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That camera performance wasn’t the best we’ve ever seen, either, despite the C5 Ultra rocking more megapixels on the front, sitting at 13 megapixels, which is more than the 5 megapixels than either of the current flagships.

But just like we expect out of a good analogy, you can’t expect more megapixels to instantly equal more quality, because the 13 megapixel camera comes with flaws.

First of all, it’s not the best camera on the planet, because while it’s a totally acceptable camera, it doesn’t rival the flagships in the slightest.

Image sample from the Sony Xperia C5 Ultra's rear camera

Image sample from the Sony Xperia C5 Ultra’s rear camera

It also lacks the ability to control the megapixels from the camera software, which is a first for us on a Sony camera. Normally, this is fairly easy, requiring a settings change, but on the C5 Ultra, your selection of megapixels amidst aspect ratios has been reduced to merely an aspect ratio: do you want 4:3 or 16:9?

That’s your selection, and you’ll find it spits out a 13 megapixel image in 4:3 and a little over 8 megapixels in 16:9, but it doesn’t tell you that, and you only find out when you take the photos and multiply the dimensions yourself.

We’re not sure why Sony has taken this route — surely megapixel sizes aren’t that difficult to understand and pick between? — but it’s what exists on the camera.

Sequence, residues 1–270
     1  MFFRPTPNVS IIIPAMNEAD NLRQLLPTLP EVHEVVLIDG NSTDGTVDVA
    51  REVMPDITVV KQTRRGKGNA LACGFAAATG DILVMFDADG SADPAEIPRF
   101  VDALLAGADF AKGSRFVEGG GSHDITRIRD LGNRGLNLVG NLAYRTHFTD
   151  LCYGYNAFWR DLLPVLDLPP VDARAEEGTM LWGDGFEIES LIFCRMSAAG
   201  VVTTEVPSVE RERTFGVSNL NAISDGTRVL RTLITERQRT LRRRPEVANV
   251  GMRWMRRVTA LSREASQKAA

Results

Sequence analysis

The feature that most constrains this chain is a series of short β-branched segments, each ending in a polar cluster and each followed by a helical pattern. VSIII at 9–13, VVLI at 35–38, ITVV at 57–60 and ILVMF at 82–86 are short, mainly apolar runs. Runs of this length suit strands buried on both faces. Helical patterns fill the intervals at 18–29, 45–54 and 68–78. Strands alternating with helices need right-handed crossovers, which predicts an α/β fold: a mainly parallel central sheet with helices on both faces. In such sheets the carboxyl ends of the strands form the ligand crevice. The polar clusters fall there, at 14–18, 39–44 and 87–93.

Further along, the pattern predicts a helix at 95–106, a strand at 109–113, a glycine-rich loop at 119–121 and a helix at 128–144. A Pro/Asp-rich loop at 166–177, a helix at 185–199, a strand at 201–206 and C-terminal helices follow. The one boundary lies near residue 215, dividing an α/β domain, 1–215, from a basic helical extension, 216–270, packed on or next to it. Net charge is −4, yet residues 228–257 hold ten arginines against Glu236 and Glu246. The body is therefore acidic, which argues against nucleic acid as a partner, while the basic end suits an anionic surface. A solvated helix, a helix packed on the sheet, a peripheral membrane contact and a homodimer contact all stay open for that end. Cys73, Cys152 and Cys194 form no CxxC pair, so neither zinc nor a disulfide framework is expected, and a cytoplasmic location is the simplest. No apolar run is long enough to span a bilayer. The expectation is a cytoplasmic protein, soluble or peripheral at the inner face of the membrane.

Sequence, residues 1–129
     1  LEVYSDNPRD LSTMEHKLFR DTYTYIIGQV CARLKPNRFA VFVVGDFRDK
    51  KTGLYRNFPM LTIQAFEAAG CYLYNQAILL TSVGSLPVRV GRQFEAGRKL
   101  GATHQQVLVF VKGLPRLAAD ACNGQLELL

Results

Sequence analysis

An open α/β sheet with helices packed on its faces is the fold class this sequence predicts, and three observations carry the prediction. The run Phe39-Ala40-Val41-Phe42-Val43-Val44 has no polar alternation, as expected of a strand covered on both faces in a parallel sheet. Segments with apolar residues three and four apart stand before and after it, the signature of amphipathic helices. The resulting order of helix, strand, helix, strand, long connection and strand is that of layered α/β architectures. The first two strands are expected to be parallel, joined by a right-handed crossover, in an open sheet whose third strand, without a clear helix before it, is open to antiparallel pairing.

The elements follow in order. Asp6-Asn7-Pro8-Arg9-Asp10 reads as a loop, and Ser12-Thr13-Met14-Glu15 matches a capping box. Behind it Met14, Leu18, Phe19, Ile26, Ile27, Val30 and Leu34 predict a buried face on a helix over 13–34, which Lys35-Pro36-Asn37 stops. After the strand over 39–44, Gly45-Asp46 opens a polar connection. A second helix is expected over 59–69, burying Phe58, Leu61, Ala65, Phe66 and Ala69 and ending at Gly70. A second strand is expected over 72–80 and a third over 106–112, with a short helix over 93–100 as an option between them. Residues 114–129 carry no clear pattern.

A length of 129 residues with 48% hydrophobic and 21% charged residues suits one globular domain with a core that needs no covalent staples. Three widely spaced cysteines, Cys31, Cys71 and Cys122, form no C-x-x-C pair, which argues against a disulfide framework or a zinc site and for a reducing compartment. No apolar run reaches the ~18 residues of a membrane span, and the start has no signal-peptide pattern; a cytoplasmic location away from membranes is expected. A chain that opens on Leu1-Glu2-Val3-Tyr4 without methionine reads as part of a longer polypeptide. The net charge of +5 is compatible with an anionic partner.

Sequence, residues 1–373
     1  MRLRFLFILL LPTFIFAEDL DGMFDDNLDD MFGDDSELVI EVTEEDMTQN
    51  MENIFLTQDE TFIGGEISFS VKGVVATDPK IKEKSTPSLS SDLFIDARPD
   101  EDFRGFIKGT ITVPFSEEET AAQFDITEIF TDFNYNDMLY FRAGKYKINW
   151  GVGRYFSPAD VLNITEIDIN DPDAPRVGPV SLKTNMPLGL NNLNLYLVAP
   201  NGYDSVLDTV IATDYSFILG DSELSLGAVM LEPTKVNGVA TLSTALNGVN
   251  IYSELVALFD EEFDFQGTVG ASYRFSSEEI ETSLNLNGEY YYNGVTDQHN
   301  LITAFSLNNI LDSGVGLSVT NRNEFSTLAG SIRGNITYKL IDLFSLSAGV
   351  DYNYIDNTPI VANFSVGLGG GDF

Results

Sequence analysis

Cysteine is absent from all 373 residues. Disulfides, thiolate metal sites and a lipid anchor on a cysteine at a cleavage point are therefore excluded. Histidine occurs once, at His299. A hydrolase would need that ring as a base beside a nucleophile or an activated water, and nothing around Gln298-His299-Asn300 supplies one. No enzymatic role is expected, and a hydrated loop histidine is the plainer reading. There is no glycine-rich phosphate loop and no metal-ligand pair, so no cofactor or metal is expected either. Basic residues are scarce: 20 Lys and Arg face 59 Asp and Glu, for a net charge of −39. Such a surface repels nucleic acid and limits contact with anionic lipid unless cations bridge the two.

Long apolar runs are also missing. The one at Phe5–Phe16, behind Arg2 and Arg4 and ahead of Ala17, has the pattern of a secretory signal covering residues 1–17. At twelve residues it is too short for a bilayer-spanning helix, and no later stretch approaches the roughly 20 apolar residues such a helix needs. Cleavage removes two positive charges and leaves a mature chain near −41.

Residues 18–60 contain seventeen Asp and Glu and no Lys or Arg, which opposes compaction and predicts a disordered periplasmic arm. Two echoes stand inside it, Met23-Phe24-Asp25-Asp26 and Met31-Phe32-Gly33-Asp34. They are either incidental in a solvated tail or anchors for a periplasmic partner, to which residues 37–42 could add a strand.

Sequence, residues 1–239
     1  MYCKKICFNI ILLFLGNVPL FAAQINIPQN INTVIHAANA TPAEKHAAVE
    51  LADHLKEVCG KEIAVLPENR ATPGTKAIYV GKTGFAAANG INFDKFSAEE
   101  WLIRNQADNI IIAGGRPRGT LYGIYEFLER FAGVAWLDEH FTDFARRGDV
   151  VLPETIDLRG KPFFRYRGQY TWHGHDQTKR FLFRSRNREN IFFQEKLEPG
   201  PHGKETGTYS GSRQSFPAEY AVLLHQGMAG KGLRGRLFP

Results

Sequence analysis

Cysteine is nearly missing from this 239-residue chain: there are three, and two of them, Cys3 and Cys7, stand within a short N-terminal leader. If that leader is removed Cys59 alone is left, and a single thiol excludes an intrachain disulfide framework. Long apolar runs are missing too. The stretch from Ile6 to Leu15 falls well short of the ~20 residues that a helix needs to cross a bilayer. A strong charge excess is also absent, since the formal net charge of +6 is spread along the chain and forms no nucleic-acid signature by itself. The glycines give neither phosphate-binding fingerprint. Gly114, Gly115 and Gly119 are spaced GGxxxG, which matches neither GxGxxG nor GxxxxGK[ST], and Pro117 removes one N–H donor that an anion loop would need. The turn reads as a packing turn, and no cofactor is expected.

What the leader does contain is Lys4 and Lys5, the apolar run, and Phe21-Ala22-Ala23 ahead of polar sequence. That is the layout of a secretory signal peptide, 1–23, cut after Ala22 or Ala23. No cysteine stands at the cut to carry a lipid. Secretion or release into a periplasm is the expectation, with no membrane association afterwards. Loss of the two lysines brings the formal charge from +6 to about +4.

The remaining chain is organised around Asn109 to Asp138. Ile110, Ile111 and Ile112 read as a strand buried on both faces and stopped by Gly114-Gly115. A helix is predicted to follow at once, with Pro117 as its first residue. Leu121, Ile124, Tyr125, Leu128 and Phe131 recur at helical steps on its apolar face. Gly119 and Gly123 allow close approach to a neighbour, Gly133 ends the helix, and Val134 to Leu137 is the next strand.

Image sample from the Sony Xperia C5 Ultra's rear camera (100 percent crop)

Image sample from the Sony Xperia C5 Ultra’s rear camera (100 percent crop)

And the camera, which we’ve said isn’t the best on the planet and is acceptable, is okay, but it’s not great. Images tend to lack detail, especially up close, and at night, the image quality just feels altogether blurry and soft.

Daylight is fine, while indoors, the automatic white balance doesn’t feel like it’s doing the best job.

Really, the one thing really going for the camera is that it can get really close and sharpen up nicely, allowing us to take some nice shots of the dogs from the front-facing camera.

Image sample from the Sony Xperia C5 Ultra's front camera

Image sample from the Sony Xperia C5 Ultra’s front camera

Conclusion

Compared to last year, there hasn’t been a lot of movement in the phablet space, and we’ve even seen people in marketing pull away from that term “phablet” of late.

That’s a good thing, because the idea of a phablet or a “tablet-sized phone” has just kind of become the norm. Now that Apple has joined in, a phablet is just a phone because big phones are totally normal.